The State of Internet Marketing Research (2005-2012): A Systematic Review Using Classification and Relationship Analysis

The State of Internet Marketing Research (2005-2012): A Systematic Review Using Classification and Relationship Analysis

Thamaraiselvan Natarajan (National Institute of Technology, India), Janarthanan Balakrishnan (National Institute of Technology, India), Senthilarasu Balasubramanian (National Institute of Technology, India) and Jeevananthan Manickavasagam (National Institute of Technology, India)
DOI: 10.4018/978-1-4666-7357-1.ch013
OnDemand PDF Download:
$30.00
List Price: $37.50

Abstract

The purpose of this study is to quantitatively review pertinent research activities that have been performed between 2005 and 2012 (July) in the area of internet marketing. In addition the paper identifies the central topic in the internet marketing literature and provides expected topical areas of interest. 2158 research article abstract citations were analysed from 460 refereed academic journals collected from six databases. The articles were further categorised under specific topics and network analysis was performed using GEPHI 0.8.1 to know the central topic in the last seven years. Consumer behaviour was found to be the most frequently studied topic in the area of internet marketing research with 472 articles (21.87% of total) followed by ‘services' with 280 articles (12.97% of total) and ‘business strategy' with 267 articles (12.37% of total). It was also found that topics; purchase intention and social media hold high centrality degree among the examined topics that evolved in the last seven years. This study provides both academics and practitioners with an extensive quantitative review of the internet marketing literature along with an insight of how internet marketing research is emerging.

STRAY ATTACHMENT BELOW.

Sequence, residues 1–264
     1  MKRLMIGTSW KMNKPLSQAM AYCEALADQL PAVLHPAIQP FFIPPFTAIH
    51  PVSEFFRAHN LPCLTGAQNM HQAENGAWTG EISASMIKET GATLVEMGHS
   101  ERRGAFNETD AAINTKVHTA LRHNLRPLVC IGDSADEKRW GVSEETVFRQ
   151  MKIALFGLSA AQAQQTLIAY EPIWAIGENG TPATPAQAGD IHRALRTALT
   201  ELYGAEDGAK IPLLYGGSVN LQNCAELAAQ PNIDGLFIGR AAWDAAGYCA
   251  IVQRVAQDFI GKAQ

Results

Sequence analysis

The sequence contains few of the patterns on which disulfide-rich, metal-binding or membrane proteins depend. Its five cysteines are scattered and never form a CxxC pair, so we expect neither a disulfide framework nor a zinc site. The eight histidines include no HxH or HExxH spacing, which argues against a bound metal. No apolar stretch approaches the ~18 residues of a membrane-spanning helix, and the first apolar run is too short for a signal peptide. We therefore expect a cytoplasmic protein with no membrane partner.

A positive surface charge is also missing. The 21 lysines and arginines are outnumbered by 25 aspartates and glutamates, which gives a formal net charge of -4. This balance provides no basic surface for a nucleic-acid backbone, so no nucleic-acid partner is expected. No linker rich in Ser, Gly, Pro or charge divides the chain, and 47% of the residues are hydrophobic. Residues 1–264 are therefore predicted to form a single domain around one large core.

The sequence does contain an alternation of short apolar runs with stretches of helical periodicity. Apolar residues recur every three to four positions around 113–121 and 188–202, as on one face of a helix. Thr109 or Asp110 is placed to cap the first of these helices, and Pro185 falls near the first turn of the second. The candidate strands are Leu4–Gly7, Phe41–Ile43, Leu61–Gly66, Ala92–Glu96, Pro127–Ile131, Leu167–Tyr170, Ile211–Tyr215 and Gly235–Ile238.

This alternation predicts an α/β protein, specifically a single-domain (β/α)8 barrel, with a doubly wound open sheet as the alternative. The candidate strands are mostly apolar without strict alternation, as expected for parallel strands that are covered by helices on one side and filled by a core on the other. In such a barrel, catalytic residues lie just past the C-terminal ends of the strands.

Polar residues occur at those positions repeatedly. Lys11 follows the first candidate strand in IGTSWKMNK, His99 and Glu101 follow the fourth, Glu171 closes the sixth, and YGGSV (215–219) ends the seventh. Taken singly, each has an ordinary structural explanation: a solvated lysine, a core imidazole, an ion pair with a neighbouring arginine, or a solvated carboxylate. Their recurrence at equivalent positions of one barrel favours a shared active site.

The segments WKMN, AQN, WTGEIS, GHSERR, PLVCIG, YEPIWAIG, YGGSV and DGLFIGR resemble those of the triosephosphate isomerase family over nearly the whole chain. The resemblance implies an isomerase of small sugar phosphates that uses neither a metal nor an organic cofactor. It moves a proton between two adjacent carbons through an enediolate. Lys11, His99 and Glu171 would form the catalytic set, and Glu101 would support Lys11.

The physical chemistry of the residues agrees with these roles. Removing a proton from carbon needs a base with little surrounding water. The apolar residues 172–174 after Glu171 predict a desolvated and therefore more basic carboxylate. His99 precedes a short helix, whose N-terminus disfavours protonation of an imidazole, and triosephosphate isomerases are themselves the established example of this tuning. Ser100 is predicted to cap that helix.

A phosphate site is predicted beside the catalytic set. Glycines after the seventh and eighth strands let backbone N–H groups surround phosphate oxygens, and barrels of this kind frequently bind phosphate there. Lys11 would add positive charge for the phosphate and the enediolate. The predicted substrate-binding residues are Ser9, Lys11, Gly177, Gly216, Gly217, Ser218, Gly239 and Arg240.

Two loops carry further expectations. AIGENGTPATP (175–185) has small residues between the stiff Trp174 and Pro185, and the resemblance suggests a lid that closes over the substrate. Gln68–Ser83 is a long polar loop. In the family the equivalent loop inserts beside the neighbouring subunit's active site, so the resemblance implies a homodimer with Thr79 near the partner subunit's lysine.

Chapter Preview
Top

1. Introduction

Internet is not as novel a concept as it was fifteen years ago, but exploration and application of the medium continues to be as important as ever, from both industrial and academic standpoints. It is now a versatile platform worldwide, and caters to applications ranging from business operations to consumer services. The internet has grown beyond its originally envisaged application of defence-related communication, to cater to a wide variety of commercial activities (Leiner et al., 1997, Weis, 2010). The rapid growth in internet technology has made the internet and its applications unpredictable in the long run (Floyd & Paxson, 2001). As a broad generalization, Schwartz compressed the definition of the internet into six words: infrastructure, organisation, commerce, governance, linking and interface (Schwartz, 2010). Despite the multidimensional growth of internet in various strata of research and industry, at no point of time, it has shown any indication of deterioration.